I share an ambition with the Communities Secretary to provide more affordable, more sustainable homes for the future. The question is, at a time when private sector rents are set to rise by 20% over the next five years, how are we going to achieve this?
Certainly there are efforts on the part of the government to increase the availability of social housing by grants and by stimulating the housing industry through mechanisms such as a £500 million scheme to front load building projects as outlined by Chief Secretary to the Treasury, Danny Alexander. Unfortunately these will only scratch the surface of the current waiting list, not to mention anticipated future demand.
There are those activists who point to second homes and buy to leave landlords as the source of potential solutions to a housing crisis which has begun to grip the nation. Indeed many local authorities preside over large stocks of housing that lie empty, vandalised and unused - most recently highlighted by Channel 4's Great British Property Scandal. A large number of properties lie empty with a view to potentially being demolished. Yet, in those same areas, where houses stand derelict for decades, housing waiting lists are growing ever longer and the number of homeless people continues to grow.
Rent levels are going up, driven by a substantial undersupply of affordable social housing. And as they do, attempts by Her Majesty's Government to force them down are destined to fail if it does not substantially increase the amount of social housing stock. What is needed is a systematic rolling program which utilises properties which can be returned to available stock alongside new developments.
It concerns me gravely that government ministers charged with reviewing the current housing benefit scheme are of the view that private landlords use housing benefits as a benchmark for the rents they set. They are wrong. Many private landlords do not accept tenants on benefit and those that do expect tenants to pay the rent in full without regard to the housing benefit that they receive. In turn these tenants are forced to top up their rent charges from other income and benefits. Lowering housing benefits is not the answer.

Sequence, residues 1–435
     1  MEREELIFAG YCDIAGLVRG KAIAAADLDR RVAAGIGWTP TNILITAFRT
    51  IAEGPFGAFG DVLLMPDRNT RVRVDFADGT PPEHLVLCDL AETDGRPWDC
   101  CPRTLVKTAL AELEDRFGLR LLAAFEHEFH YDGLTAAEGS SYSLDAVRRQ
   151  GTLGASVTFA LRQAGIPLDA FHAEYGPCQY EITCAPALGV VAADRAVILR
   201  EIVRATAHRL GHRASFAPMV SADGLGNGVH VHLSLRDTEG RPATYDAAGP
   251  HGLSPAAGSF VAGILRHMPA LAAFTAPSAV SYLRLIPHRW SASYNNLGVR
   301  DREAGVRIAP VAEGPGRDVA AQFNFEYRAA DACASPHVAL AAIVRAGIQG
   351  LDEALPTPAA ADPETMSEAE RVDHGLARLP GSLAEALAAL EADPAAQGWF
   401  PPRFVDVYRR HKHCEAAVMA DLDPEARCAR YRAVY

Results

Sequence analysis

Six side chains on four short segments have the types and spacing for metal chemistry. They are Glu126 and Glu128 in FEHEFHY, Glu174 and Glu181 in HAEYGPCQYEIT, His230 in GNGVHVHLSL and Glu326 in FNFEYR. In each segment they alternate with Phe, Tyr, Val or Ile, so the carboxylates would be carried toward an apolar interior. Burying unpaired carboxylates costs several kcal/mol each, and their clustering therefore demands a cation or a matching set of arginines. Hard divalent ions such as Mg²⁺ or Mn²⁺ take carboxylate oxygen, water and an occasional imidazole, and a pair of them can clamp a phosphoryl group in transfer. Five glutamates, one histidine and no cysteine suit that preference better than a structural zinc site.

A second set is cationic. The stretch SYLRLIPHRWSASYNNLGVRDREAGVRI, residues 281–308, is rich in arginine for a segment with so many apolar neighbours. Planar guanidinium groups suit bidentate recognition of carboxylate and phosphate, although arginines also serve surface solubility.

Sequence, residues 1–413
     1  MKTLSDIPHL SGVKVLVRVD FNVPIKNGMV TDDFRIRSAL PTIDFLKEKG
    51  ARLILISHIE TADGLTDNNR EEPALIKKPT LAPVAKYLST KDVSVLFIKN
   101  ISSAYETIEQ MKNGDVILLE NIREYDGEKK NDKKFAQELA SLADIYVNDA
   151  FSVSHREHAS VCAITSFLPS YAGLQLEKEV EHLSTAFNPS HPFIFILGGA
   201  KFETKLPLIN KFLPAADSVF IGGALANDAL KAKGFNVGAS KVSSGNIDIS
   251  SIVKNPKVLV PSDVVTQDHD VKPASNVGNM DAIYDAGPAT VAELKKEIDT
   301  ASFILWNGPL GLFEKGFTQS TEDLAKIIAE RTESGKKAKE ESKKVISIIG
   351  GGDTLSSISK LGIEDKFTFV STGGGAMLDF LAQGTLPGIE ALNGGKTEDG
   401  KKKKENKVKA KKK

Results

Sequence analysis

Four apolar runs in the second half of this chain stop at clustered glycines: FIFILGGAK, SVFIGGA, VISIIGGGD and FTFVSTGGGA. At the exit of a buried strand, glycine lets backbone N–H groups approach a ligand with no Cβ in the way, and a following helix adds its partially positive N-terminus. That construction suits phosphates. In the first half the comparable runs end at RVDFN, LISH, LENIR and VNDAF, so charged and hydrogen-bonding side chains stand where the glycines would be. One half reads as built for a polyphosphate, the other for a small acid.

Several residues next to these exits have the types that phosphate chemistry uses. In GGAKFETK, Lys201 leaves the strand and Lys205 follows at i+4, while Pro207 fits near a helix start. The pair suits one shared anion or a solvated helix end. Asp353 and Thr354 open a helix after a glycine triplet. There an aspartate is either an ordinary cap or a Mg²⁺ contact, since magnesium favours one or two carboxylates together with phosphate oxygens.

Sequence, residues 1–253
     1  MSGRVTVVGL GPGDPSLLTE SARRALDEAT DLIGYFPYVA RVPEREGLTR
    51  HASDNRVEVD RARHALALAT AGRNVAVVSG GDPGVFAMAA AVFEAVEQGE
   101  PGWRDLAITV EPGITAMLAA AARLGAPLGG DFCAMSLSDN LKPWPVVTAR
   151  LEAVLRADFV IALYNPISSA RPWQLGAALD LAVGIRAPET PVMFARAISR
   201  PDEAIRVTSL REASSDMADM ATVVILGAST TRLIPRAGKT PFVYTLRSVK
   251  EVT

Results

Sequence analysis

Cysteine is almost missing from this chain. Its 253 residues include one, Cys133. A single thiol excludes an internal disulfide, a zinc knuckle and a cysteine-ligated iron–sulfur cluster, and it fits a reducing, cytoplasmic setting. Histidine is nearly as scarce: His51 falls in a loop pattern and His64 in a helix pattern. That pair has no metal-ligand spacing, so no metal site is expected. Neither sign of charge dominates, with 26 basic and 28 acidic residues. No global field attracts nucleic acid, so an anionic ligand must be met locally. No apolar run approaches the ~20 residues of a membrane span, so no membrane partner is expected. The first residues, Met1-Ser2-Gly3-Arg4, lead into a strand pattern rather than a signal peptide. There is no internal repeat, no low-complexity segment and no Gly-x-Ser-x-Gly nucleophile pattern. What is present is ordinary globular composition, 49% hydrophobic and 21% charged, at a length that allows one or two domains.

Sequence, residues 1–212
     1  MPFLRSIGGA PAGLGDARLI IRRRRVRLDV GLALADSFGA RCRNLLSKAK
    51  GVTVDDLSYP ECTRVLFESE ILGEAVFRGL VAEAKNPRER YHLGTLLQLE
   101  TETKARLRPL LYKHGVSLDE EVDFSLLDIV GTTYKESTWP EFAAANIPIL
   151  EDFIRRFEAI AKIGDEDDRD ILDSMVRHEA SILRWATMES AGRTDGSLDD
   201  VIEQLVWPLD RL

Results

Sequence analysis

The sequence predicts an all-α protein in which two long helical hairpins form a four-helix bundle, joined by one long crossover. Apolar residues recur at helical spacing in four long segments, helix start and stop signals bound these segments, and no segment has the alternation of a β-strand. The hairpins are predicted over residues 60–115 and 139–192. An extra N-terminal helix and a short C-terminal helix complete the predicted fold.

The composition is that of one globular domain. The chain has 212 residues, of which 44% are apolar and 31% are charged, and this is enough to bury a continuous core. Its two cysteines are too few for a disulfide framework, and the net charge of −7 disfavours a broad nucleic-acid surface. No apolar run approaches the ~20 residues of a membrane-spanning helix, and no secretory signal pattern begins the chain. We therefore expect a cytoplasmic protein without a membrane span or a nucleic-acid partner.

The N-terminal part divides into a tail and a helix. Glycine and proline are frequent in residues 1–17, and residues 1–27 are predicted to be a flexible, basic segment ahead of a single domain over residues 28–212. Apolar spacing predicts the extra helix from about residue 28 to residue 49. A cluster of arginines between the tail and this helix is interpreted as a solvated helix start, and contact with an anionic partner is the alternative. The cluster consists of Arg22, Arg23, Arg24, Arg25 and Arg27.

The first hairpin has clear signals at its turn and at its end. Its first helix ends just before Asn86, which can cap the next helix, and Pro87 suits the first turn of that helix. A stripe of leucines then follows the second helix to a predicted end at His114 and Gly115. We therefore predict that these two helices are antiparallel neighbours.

So what is the answer? In the face of a chronic undersupply of housing, accepting that rent levels are going up doesn't do anyone any favours. Grants alone can't fix the problem either. What we need is a new funding mechanism; a new strata of funding for social housing which utilises private finance. This funding would be directed and guaranteed by the local authority. The money would be borrowed on terms and at rates that substantially undercut the return rates required by private landlords. It could provide a midpoint cost option which lies in-between the fully grant aided and the private landlord. But where will this money come from?
The government's QE programme of buying bonds from banks to recapitalise has already been written off by economists. If instead Cameron & Co injected money directly into this new tier of housing finance by purchasing bonds issued by a Social Impact Organisation, this tier of funding could be placed at the disposal of local authorities. They would service it through new rental flows.
The consequent creation of jobs would be direct and immediate: employment premiums and availability of low cost social housing that would release families and individuals from "rent poverty". With lower rents to pay, more money would be leftover in the household budget. The government would gain substantially from any measure that reduces rent cost and, in turn, housing benefits.
Finally, and this is a caution for private landlords. If we can make realistic progress on the provision of an adequate supply of low cost social housing, then the very same laws of supply and demand that work so well for landlords today will finally turn to favour tenants. Rents will come down and then the battle will shift from price to quality.
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